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Like a migratory bird I am drawn to the North. Our time in the USA, and two bike rides across the continent taught us of the lure of West there, to the exclusion of any mention of middle. As the warmest and wettest December on record came to a festive conclusion, we packed our bikes and walking gear into the car and drove North to Gairloch.

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We had managed a Christmas day bike ride, and a brace of other East Lothian outings to push the festive milage close enough to 150. Winter miles count double in my book. The wind, the cold that can lock your jaw and eyes stung red-raw for the evening if you have to ride without your shades.

Most rides recently have been damp, wet or sodden. It comes as a shock after the last of the dry rides, that hesitation in stopping on wet rims. The winter bikes have a hard time and nothing labelled water-proof ever really is.

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New Year’s eve was the shortest ride of the whole year. No wind to speak of is a rare thing for Gairloch and a bright start to the day raised the excitement levels. There is not a river, burn or gulley in Scotland that can hold even a cup of water more. Waterfalls have sprung into life all over the mountains, and irregular streams now flow across roads. The first of these had frozen overnight. There would be countless ones ahead on our route. My twenty year old self would have carried on, but with well under 1 mile done, we went home and put the bikes away.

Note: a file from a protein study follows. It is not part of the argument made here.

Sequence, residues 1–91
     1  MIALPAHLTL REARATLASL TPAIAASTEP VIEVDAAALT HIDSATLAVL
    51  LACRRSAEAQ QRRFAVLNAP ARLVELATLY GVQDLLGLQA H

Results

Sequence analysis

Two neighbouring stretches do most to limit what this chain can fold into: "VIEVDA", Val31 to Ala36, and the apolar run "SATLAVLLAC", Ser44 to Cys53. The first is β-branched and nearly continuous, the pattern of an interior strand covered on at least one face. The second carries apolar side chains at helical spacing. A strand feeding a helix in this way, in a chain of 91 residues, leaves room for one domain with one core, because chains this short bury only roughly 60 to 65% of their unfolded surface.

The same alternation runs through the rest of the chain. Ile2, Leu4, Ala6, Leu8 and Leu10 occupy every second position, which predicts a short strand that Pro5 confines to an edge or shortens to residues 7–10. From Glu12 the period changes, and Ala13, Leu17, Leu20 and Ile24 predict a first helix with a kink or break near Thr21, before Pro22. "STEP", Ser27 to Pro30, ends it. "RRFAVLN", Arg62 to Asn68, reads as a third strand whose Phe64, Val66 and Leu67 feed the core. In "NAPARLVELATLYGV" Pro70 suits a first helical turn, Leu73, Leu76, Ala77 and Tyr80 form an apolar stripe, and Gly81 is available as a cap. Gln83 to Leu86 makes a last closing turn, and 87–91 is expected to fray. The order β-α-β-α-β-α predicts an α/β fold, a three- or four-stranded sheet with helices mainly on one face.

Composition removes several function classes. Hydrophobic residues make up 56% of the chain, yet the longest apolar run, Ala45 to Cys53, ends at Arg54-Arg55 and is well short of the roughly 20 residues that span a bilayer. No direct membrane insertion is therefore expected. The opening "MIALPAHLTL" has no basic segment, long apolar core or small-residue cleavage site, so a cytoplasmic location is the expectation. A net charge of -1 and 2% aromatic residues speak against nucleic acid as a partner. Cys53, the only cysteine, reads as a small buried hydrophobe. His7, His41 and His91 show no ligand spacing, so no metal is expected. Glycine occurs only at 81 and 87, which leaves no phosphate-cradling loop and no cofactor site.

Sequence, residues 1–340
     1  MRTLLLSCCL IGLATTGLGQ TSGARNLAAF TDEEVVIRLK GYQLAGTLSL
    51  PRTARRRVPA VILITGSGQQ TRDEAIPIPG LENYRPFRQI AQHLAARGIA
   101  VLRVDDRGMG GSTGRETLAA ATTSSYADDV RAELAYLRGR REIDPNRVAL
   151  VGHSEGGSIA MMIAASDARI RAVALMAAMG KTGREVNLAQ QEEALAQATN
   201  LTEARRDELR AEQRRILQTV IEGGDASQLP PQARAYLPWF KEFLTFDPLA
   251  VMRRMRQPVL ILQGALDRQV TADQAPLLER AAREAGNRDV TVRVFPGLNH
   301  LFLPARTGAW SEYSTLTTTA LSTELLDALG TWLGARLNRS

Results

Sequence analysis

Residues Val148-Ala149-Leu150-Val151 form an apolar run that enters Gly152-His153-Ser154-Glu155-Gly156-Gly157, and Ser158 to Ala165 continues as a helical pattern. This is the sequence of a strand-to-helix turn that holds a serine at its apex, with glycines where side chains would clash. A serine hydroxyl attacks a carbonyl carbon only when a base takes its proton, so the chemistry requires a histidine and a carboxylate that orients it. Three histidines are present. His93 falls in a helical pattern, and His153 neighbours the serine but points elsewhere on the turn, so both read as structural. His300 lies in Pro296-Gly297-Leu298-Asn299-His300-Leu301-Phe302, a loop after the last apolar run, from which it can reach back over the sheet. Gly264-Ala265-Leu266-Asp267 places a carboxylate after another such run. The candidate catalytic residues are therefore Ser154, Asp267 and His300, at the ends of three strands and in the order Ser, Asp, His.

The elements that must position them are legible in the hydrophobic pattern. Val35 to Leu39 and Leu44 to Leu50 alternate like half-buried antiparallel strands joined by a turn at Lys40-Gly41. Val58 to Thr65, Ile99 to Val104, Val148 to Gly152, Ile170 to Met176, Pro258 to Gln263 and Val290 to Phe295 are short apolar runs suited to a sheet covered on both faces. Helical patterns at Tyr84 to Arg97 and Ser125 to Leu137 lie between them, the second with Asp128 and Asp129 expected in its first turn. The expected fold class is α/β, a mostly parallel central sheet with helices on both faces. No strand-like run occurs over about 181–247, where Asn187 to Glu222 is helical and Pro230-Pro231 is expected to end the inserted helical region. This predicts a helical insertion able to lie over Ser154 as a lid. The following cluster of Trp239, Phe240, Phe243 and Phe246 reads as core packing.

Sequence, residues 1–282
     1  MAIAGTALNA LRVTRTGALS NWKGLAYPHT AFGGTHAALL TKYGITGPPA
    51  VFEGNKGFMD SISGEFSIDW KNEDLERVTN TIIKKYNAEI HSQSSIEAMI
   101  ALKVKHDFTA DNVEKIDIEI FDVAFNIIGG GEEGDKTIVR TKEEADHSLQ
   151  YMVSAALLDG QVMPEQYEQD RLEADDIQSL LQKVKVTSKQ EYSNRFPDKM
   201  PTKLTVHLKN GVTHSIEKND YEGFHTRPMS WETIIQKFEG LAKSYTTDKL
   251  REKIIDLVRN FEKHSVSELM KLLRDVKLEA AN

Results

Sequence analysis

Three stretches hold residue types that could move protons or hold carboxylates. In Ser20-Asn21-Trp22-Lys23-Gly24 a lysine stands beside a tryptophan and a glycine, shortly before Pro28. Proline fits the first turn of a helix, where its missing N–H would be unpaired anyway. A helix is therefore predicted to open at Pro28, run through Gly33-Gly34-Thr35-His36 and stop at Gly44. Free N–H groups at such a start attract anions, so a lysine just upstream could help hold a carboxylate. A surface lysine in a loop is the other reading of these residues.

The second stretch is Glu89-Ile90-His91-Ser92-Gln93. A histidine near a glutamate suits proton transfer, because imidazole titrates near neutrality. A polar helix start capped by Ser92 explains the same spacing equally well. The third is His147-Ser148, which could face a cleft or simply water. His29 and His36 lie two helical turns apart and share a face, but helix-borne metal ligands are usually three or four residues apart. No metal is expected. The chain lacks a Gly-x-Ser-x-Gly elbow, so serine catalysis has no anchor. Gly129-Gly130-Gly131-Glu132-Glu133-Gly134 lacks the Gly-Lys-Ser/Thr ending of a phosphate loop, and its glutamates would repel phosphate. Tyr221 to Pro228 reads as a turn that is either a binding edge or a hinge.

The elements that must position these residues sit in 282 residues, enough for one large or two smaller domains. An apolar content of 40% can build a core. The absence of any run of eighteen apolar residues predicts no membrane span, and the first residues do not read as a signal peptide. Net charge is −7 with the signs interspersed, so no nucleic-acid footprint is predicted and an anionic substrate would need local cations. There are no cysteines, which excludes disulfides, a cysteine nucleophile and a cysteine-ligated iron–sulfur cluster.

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The turning of the page from one year to the next is a time for planning. We were out most weekends when the weather was not unspeakable. But still we have ended the year having ticked off less than half of our to-do list. More nights bivvying in the woods of East Lothian, more bike trips to the Borders and the South West of Scotland.

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We did walks along the beaches and coast, then a walk into the hills in search of a waterfall. All the time the plans expanded to return with bikes. We had time to take the long way home. There are not many more road miles in the route, but it takes almost twice as long. Gairloch – Torridon – Stromeferry – Loch Alsh – then A87 to Invergarry – Spean Bridge – A86 to Laggan – Dalwhinnie to the A9 to Edinburgh.

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Lots of single track road, most of which took you on a journey along two sides of a triangle. Scotland was in the most marvelouse of Gothic moods. We did not cover more than 10 miles without pulling over to take it all in and pull out a camera. We will return with the bikes and tent. There are plans for loops with the road bikes and longer tours. Time to get out the maps and look for the road less pedalled.

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